Mental health services for young people need real change
Chronic underfunding and understaffing need to be addressed
A total of 7,429 children and teenagers are waiting for appointments with a public-health psychologist. Photograph posed by a model: Getty Images/iStockphoto
Jigsaw, a mental-health charity funded by the Health Service Executive, aims to advance the mental health of young people aged between 12 and 25 through advocacy, strengthening community response and early intervention.
Jigsaw has to constantly fundraise and has done everything from sponsored abseiling to developing a partnership with Lidl.
Fair play to Lidl for getting involved. But what does it say about mental-health service provision for young people in this country that such a vital service relies on sponsorship from a German-based discount supermarket chain to balance its books?
Jigsaw currently has 13 centres, with two more planned, which offer brief, effective intervention for young people suffering from – among other things – depression and anxiety. It is by no means a nationally available service although Jigsaw would love if it was.
Day hospitals offer intensive structured clinical programmes for young people with complex mental-health difficulties
Parents seeking help for a child who is anxious or depressed may be told that there is no Jigsaw service in their area but to try the primary-care psychology service instead. But the psychologist in the service is on maternity leave or has retired, so there is no service there.
The GP then refers the child to the Child and Adolescent Mental Health Service (CAMHS) and disbelieving parents discover that there is a waiting list of up to a year unless the child is in crisis and in need of immediate help.
So they turn to another charitable service partially funded by the HSE such as Pieta House, which is supposed to be a service for those in suicidal distress and those who self-harm. Only those who have the means to access counselling or psychiatry privately can avoid this cycle. Yet again, it is the less well-off who lose out.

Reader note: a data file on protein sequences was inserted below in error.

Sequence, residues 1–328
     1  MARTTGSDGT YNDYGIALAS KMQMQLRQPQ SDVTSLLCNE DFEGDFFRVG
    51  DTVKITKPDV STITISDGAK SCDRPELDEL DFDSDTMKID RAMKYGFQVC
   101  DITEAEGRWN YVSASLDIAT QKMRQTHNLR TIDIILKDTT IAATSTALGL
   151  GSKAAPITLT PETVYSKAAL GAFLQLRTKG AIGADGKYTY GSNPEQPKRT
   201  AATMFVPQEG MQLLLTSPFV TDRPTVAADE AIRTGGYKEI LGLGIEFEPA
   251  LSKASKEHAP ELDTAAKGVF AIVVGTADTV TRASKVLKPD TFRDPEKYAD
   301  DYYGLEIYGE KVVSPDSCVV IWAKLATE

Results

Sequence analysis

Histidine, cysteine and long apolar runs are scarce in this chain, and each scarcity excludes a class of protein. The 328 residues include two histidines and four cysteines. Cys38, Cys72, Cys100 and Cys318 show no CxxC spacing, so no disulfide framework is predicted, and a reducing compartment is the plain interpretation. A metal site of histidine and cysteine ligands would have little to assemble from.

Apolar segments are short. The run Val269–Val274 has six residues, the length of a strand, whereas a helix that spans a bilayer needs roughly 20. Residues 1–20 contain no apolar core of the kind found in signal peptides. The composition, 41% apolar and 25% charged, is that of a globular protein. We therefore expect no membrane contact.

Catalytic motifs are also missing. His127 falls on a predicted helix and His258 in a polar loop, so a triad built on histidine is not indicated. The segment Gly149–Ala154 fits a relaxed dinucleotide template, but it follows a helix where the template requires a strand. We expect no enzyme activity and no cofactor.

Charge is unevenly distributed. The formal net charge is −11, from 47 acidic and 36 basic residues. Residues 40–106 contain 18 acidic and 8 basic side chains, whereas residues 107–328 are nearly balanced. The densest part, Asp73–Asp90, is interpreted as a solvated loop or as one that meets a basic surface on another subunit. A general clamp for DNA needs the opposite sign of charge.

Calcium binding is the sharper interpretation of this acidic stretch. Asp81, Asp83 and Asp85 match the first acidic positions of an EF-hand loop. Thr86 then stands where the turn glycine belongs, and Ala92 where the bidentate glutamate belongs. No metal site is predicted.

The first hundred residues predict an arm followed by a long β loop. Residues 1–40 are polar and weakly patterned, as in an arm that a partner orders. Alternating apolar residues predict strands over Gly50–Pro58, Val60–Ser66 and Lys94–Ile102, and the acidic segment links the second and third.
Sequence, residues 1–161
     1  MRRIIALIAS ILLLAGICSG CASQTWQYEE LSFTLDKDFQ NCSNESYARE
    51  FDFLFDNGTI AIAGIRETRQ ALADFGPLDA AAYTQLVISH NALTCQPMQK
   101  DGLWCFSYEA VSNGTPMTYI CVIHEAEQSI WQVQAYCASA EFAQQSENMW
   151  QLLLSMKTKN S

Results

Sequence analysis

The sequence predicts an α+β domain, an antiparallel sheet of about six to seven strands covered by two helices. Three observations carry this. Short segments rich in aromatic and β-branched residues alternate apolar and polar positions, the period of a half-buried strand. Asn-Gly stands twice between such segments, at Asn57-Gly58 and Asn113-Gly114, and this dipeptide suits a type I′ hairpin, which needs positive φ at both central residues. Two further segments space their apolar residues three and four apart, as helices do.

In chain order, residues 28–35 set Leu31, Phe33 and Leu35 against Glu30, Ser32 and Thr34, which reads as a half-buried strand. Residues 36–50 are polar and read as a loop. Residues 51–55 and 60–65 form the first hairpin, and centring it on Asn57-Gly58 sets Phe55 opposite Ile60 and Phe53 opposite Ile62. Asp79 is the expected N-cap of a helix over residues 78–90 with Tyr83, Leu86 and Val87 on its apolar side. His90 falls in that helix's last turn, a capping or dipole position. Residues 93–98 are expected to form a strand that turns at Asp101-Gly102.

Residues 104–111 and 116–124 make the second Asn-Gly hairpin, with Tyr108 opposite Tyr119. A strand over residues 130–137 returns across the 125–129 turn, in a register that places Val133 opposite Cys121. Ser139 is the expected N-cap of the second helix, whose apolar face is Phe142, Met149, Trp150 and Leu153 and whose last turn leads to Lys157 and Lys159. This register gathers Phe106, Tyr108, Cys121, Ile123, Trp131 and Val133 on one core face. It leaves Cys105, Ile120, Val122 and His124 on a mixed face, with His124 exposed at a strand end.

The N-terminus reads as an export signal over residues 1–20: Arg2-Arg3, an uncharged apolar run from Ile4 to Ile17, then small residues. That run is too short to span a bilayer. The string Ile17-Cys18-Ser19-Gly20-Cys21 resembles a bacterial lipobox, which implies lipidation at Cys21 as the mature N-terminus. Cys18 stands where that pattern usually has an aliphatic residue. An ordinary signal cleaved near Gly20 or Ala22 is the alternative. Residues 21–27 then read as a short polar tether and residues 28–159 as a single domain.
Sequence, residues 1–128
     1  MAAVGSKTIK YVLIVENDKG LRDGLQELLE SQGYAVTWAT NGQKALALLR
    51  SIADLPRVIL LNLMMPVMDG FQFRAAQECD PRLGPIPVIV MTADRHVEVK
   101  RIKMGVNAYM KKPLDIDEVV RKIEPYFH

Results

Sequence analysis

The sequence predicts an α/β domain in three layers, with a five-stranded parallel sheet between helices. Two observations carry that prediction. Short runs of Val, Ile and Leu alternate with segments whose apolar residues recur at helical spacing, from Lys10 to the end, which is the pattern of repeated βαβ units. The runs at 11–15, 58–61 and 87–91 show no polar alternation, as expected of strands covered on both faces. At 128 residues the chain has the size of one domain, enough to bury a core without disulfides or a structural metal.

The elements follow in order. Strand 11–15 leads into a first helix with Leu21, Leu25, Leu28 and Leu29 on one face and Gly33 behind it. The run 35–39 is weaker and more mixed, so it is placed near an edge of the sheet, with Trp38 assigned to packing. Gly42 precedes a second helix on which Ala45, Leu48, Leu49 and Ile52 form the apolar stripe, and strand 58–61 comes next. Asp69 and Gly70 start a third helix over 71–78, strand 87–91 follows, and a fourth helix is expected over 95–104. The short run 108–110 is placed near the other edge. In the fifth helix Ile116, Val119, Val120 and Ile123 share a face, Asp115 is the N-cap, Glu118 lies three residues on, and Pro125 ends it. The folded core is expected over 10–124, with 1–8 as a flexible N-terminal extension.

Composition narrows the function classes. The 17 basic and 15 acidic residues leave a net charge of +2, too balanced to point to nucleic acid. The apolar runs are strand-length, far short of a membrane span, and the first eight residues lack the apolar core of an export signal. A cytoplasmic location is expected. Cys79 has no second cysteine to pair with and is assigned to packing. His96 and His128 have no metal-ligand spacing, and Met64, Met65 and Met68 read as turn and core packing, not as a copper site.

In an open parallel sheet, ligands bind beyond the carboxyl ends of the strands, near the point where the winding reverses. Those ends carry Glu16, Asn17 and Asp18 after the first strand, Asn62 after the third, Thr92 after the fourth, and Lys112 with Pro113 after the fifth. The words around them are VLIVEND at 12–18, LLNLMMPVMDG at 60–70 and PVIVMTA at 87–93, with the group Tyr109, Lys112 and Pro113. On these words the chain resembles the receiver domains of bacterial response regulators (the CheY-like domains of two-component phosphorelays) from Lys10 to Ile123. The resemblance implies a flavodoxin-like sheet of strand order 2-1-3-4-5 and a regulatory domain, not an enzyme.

According to figures released to Social Democrats co-leader Róisín Shortall, 7,429 children and teenagers are waiting for appointments with a public-health psychologist. Some 2,266 have been waiting for more than a year.
The worst waiting lists are in north Dublin and Cork/Kerry. Naturally, the longer someone waits for timely intervention, the more likely it is that her or his mental health will deteriorate.
This kind of dysfunctionality illustrates the unintended irony in the title of the 2006 mental-health strategy document A Vision for Change. Much of it has remained a vision and never become a reality.
CAMHS has been in a chronic state of underfunding and understaffing for more than a decade. Take just one example: Aontú leader Peadar Tóibín points out that A Vision for Change mandates one CAMHS team per 50,000 people. That means Meath, where he is a TD, should have five teams. It has three. According to A Vision for Change, those three teams should have six clinical psychologists. There are three.
But there are no vacancies, presumably because of what is euphemistically called a “recruitment pause” in the HSE.
Nationally, CAMHS has 57 per cent of the staff allocation that A Vision for Change suggested it should have in 2006. In the meantime, referrals increased by more than 40 per cent from 2011 to 2019.
This week, there are again reports of children being admitted to adult mental- health units, which are completely unsuitable for a young person in distress. (There have been more than 30 such admissions this year so far.)
These figures are a disgrace but they are the inevitable result of a system limping along at every level. The lack of day hospitals is another such gap.
Day hospitals offer intensive structured clinical programmes for young people with complex mental-health difficulties. When a day hospital is not available, these young people seek more frequent CAMHS appointments, which mean that children and adolescents with less severe needs get pushed farther down the waiting lists. For example, Lucena in Rathgar has a webpage describing its day hospital service, but that service no longer exists.
A lack of dedicated services for young people with autism has put CAMHS under even more pressure. These young people are not mentally ill but need a significant amount of time and specialised services, and CAMHS tries to fill the gap.
Mental Health Reform (MHR), a coalition of more than 70 member organisations, has lobbied for years for 24/7 crisis-intervention services for children and young people. The absence of such services leads to highly distressed young people queuing in emergency departments, which certainly would not help anyone’s mental health.
It is not as if the Government is doing nothing. There has been some recruitment and some areas have very short waiting lists. But that is little comfort for the individuals and families who are in need. Behind every cold statistic there is a family begging for help. The spectre of long-term mental-health issues looms in the absence of timely intervention.
Kate Mitchell, MHR’s senior policy and research officer, believes it is essential that the many gaps in services are addressed in the revised mental-health policy due to be published before the end of the year.
However, she correctly points out that any initiative must be accompanied by the necessary funding and the monitoring mechanisms to ensure its implementation.
Right now, frantic families are seeking support. Maybe we could call this new mental-health strategy Real Change, instead?